Bill Callahan may be easiest to describe by what he isn’t quite: a folkie; a country singer; a cloistered, primitivist weirdo with a four-track recorder; a poet or some other kind of words-only artist. Over the last 23 years, on a string of records made almost exclusively for the Chicago label Drag City, you sense that he’s walked past those doors, revising his ideas, waiting, looking for something. He’s found it.
Within three seconds of Bill Callahan’s new album, the sound of a gorgeous pedal steel seeps into the opening song. It wails like a wordless cry, setting the sumptuous tone of “Dream River,” Callahan’s fourth studio album under his own name since dispensing with the moniker Smog. With eight songs that unfurl to 40 minutes, it’s impeccably crafted and plays off a mercurial tension between Callahan’s voice — a parched yet resonant baritone — and the lush arrangements that envelop it.
A couple of surprising things happened in the run-up to Dream River's release: a press shot of Bill Callahan circulated in which he sports an enormous grin, while its first offering to listeners was a song made over in a dub style. Callahan does smile, of course - anyone who has seen him in concert over the last few years would testify to that - and a diversion into dub is apparently something he had been toying with the last few years (room was left on some of Dream River's arrangements in order to better facilitate this). Paired with a press release promising a "sensual, soulful" sound, though, it all implied that the often guarded Callahan had lightened up some, and, at 47, was about to release a more carefree set than his previous.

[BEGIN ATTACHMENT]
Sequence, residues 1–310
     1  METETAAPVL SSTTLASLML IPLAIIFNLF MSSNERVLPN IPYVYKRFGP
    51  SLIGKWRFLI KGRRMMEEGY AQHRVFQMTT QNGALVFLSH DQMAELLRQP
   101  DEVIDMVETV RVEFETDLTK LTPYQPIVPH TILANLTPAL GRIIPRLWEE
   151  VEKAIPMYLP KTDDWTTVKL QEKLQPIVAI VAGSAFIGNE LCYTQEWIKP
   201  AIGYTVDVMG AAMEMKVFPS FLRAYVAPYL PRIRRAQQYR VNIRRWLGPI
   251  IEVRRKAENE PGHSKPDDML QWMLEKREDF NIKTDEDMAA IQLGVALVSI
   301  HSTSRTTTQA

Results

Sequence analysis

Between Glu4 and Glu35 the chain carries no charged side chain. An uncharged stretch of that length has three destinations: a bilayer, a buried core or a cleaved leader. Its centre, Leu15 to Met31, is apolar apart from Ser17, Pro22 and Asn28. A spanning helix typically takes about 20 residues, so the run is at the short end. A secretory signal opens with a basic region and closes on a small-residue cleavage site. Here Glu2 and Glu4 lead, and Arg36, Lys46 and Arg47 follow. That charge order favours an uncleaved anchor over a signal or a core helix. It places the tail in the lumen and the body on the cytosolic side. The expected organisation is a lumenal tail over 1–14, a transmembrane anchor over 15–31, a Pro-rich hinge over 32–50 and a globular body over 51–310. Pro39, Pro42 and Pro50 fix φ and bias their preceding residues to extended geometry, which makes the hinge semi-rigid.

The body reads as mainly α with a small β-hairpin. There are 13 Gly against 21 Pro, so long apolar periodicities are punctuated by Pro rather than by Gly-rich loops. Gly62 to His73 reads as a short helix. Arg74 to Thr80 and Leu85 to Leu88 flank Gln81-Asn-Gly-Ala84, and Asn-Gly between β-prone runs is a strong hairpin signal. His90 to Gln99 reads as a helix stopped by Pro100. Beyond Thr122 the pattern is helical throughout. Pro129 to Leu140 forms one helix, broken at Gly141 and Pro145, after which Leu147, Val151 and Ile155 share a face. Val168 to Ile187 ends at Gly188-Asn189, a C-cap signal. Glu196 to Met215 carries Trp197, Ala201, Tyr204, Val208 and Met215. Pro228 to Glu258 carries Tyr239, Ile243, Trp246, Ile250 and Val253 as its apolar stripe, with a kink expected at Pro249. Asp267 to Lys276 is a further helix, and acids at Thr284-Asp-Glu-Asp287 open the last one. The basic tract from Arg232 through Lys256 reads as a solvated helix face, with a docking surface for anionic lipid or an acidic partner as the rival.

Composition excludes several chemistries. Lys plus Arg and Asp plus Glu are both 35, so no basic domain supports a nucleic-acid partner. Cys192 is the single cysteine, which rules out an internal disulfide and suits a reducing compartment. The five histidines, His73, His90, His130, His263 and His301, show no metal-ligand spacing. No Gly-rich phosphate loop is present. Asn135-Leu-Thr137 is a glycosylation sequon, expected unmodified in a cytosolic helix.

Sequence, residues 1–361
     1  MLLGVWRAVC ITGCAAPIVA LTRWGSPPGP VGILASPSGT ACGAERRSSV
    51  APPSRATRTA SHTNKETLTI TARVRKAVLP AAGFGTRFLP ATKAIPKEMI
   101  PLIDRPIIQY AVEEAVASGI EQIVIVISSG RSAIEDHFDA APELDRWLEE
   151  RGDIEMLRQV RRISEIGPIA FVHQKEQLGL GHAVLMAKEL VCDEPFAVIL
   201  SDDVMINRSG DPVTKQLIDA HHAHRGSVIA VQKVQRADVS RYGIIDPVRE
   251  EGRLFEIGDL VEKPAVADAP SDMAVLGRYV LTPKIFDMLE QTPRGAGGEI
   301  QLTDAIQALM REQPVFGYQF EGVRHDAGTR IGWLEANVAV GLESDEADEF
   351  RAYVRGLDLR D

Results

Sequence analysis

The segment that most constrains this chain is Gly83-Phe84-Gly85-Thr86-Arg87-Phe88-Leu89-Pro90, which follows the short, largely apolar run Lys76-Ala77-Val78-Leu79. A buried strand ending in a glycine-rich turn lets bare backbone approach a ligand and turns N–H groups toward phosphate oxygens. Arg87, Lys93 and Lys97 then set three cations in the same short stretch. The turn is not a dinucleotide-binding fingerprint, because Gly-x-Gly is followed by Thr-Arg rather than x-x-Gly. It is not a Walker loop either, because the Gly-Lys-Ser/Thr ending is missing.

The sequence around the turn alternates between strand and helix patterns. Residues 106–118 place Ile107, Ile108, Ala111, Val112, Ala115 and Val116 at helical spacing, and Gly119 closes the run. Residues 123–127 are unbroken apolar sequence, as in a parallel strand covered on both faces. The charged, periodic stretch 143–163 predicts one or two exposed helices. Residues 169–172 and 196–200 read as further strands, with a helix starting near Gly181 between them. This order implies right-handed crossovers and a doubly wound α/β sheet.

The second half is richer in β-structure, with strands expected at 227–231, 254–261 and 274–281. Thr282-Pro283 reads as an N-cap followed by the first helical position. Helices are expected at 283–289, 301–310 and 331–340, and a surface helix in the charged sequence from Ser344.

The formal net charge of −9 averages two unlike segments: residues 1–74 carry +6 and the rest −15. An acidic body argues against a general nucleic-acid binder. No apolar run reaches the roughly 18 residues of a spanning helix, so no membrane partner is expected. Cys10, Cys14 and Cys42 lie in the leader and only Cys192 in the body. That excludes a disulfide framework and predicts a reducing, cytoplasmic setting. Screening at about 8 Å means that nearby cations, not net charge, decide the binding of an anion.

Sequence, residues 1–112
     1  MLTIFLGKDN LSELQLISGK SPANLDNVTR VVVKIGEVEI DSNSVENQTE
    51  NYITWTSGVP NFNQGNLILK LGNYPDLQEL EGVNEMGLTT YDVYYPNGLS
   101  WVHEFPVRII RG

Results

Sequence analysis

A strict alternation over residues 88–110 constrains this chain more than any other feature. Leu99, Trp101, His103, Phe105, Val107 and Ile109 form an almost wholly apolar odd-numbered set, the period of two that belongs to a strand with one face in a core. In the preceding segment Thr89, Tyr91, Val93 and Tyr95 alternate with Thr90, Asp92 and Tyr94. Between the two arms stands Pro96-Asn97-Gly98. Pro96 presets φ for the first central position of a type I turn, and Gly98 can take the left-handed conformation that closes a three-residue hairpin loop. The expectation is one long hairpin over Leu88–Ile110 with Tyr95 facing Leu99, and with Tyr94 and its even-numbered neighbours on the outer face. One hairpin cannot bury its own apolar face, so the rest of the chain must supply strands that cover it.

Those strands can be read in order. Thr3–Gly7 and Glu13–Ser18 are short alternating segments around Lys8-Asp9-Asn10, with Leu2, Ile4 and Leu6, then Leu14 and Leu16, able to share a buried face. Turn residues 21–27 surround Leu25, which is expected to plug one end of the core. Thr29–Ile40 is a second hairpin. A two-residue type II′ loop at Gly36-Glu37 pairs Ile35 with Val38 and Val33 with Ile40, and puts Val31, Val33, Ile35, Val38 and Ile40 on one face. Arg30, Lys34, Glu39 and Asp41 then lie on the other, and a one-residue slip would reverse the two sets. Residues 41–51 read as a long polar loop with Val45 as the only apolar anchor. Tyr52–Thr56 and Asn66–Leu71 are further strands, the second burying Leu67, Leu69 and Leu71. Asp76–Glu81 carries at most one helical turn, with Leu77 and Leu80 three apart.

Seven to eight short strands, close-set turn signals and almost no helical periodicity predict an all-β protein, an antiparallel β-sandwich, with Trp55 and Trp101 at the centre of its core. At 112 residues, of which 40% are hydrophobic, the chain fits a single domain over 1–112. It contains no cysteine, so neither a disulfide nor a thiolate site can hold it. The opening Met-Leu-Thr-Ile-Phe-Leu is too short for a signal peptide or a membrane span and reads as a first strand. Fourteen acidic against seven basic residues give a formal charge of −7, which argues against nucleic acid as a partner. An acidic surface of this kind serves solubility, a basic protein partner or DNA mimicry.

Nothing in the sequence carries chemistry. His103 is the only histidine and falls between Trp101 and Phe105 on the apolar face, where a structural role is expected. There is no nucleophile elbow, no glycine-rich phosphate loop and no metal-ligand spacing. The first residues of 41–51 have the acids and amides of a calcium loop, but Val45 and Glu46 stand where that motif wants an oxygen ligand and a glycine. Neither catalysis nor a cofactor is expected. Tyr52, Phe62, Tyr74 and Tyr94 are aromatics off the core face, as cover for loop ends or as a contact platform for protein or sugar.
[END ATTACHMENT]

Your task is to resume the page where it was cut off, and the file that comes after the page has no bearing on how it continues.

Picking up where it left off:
Dropping Dream River onto the turntable for the first time, I was struck immediately by just how completely and inescapably Bill Callahan-y it was. There’s that voice, of course: arresting, matter-of-fact, taciturn yet strangely warm, but there’s also the oh-so-Callahan-y lyrics (“Drinking while sleeping / Strangers unknowingly keep me company” and “The only words I’ve said today are ‘beer’ and ‘thank you’”) and the sound, like a breath of fresh mountain air, sparse yet warmed by the rootsy tones of the fiddle. Apocalypse (2011) was a milestone for Callahan, a maturation into just a slightly different kind of artist, focused on simplicity, nature, and iconic American imagery.
Bill Callahan Dream River (Drag City) "Drinkin', while sleepin', strangers unknowingly keep me company in the hotel bar," opens Bill Callahan with "The Sing," pulling the words slowly, heavily from dislocated depths. Everything about the local songwriter's fourth LP since shedding his Smog moniker feels caught in that liminal state of dreaming, of the unconscious tension between observer and participant, passive vessel taking in the world and active force shaping it. Behind his plodding baritone on the opener, the arrangements shift subtly as if informed by the hotel's background soundtrack, thoughts floating between the bars.